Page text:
13 Fascinating Winter Solstice Traditions Around the World
The shortest day and longest night of the year inspire mystical celebrations, both old and new, in anticipation of the sun’s return. In 2018 in the northern hemisphere, the winter solstice is December 21. Remember, the days just get longer from here!
St. Lucia Day, Scandinavia
Like many days we celebrate, ancient festivals observing the winter solstice merged with newer traditions to create the holiday season as we know it today. In Scandinavia, St. Lucia Day on December 13 (the solstice by the old calendar) marks the start of the Christmas season with a procession of young women in white robes, red sashes, and wreaths of candles on their heads, lighting the way through the darkness of winter. Honoring St. Lucy, this festival incorporated pagan winter solstice celebrations marked by bonfires. Gingersnaps, saffron-flavored buns, and glogg are also traditionally served. Find out the history of your favorite Christmas traditions.
Dong Zhi, China
This thousands-of-years-old festival on December 21, 22, or 23 is celebrated with family gatherings and a big meal, including rice balls called tang yuan. Thought to mark the end of the harvest season, the holiday also has roots in the Chinese concept of yin and yang: After the solstice, the abundance of darkness in winter will begin to be balanced with the light of the sun.
Stonehenge gathering, England
Although no one knows exactly why the ancient circle of Stonehenge was built, there’s no denying it lines up with the movements of the sun. Archaeological research suggests winter solstice festivals happened at Stonehenge—and modern revelers have taken up the tradition, gathering at dawn the day after the longest night (this year, December 22) to witness the magical occurrence of the sun rising through the stones. The best part? It’s free of charge, although parking is limited. Visitors can even walk right up to the stones, an area usually roped off, for this peaceful and sacred celebration. Read about more things you didn’t know about the holiday season.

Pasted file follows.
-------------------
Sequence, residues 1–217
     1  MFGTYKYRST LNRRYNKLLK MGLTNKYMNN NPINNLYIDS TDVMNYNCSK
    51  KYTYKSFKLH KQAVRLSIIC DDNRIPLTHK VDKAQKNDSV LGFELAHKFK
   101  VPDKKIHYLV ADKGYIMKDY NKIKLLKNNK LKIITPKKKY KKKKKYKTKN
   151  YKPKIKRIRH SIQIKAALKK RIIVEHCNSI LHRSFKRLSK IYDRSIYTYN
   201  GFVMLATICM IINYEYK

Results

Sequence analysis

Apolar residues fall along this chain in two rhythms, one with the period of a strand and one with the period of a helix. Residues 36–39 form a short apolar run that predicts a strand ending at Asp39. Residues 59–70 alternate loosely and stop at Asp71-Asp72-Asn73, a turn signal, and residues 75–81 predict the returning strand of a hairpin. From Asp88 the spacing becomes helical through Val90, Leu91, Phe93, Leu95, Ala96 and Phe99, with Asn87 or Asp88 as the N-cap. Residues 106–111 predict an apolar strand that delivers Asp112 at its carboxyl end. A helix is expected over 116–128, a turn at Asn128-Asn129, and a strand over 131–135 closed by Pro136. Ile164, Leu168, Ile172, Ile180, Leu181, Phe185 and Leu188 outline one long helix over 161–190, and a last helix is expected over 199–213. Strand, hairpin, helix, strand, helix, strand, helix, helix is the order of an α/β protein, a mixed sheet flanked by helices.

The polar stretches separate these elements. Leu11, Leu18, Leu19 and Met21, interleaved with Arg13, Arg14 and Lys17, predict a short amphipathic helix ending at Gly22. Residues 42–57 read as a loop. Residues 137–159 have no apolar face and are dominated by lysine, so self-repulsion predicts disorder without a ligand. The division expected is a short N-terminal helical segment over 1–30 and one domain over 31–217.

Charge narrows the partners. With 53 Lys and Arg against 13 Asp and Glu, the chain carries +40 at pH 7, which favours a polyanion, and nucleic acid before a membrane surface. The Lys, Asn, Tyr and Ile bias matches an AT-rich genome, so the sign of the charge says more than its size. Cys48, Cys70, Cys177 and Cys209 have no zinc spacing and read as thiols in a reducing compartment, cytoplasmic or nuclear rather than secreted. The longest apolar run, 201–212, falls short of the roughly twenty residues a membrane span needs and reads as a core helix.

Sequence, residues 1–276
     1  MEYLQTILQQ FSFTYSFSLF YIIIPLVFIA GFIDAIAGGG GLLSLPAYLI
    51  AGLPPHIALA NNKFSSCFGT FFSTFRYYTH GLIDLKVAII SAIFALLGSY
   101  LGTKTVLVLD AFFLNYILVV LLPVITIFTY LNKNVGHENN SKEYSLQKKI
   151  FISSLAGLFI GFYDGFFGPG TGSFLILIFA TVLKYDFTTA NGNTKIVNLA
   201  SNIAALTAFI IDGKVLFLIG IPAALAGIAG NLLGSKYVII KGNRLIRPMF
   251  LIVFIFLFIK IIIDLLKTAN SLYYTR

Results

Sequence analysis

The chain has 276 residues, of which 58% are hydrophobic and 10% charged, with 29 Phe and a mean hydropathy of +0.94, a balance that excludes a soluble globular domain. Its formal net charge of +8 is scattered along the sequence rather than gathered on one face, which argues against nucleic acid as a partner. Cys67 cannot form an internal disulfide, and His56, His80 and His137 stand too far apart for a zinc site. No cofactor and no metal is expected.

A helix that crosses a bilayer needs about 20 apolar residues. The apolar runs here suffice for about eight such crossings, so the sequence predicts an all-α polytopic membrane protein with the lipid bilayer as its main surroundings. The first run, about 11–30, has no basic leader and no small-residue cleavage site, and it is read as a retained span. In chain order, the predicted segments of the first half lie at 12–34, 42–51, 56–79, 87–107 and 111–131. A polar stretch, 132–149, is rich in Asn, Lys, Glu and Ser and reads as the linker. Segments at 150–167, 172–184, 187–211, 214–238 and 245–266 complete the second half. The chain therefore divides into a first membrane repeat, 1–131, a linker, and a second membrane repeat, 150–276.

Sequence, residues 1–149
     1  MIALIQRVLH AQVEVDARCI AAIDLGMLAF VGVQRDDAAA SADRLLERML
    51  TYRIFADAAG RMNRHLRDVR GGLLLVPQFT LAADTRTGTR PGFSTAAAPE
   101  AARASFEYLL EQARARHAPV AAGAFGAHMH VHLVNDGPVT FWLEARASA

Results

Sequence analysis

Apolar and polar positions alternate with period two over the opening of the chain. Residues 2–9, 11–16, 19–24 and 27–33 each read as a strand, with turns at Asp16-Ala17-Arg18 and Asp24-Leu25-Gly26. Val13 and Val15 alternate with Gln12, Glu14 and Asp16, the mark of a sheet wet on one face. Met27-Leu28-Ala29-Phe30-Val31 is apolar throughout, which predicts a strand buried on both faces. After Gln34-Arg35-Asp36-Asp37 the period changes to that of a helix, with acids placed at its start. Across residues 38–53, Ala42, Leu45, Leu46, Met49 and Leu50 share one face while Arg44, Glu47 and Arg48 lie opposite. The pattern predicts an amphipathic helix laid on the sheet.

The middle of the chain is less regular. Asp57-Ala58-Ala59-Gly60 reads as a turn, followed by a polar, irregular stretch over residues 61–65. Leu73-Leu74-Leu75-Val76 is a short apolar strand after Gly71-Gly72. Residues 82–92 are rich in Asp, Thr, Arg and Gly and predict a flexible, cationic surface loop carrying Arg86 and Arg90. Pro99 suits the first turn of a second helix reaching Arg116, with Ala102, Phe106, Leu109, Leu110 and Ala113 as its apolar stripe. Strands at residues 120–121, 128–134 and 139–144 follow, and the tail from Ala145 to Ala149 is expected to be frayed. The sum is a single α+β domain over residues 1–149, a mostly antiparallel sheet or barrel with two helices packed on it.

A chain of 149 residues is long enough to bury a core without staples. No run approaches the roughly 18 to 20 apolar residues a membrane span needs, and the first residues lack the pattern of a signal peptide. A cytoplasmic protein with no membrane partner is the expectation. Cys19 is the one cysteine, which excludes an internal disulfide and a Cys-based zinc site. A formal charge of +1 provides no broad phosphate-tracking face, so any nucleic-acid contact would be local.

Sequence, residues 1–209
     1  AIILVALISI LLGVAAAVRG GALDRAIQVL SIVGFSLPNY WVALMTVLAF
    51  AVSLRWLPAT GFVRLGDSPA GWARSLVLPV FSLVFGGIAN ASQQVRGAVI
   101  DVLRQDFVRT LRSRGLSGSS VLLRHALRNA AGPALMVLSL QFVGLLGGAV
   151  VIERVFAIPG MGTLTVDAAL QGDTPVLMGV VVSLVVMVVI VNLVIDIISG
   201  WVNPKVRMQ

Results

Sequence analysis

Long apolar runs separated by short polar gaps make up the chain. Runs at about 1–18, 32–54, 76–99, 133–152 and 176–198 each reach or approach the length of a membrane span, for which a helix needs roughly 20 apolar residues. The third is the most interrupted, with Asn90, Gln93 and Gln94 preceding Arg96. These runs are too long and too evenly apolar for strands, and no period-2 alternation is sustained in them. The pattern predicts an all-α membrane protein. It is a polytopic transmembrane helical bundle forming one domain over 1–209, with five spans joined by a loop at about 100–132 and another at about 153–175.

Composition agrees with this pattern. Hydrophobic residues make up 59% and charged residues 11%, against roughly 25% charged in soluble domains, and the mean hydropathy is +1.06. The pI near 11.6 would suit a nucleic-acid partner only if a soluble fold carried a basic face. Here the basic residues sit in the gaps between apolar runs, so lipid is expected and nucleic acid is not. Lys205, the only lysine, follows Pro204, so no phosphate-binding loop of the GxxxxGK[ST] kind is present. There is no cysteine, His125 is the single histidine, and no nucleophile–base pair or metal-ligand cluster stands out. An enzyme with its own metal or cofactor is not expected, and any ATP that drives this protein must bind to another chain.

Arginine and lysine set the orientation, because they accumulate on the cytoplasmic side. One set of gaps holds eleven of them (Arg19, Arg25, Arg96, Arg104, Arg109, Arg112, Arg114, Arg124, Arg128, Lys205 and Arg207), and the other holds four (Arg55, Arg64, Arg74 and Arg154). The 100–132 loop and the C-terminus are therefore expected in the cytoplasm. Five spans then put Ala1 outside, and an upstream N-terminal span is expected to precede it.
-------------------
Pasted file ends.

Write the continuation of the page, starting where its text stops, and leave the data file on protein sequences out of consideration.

Shab-e Yalda, Iran
This ancient Persian festival, like many winter solstice holidays, celebrates the end of shorter days and the victory of light over darkness. Meaning “birth,” Yalda is marked by family gatherings, candles (originally, fires lit all night), poetry readings, and a feast to get through the longest night of the year. Nuts and fruits, including watermelon and pomegranates, are traditionally eaten—legend has it that eating the fruits of summer will protect you from illness in winter.
Winter Solstice Lantern Festival, Vancouver
To honor the many cultural traditions that celebrate the winter solstice, Vancouver’s Secret Lantern Society created the city’s Solstice Lantern Festival, now in its 25th year. Participants can attend workshops to create their lantern, and then on the night of the solstice processions march throughout the city, culminating in fire performances. Attendees can also try to find their way through the Labyrinth of Light, a maze of 600 candles that invites visitors to let go of old thoughts and find new possibilities for the coming year. Find out more Christmas traditions to steal from around the world.
The winter solstice in Japan, called Toji, has a few interesting customs associated with it. Traditionally, a winter squash called kabocha is eaten, one of only a few crops that would have been available. A hot bath with yuzu citrus fruits is believed to refresh body and spirit, ward off illness, as well as soothe dry winter skin. And apparently, rodents called capybaras love yuzu baths as well—it’s become popular for Japanese zoos to throw the fruit into the warm waters the animals soak in on the winter solstice.
Santo Tomas Festival, Guatemala
Although the Catholic church now observes the feast of St. Thomas on July 3, in Chichicastenango (Chichi), Guatemala, the festival is still celebrated for a week leading up to the winter solstice of December 21. Why? Likely because it’s a mix of the Catholic ceremony with native Mayan rituals that may have been timed to the solstice. Today, the feast is marked with brightly colored traditional costumes, masks, parades, fireworks, and music. The highlight is the death-defying custom of the “Flying Pole” dance: climbing a 100-foot pole, tying on a rope, and jumping off the top. Yikes! For more on mixing old and new religions, read about why Christmas is on December 25.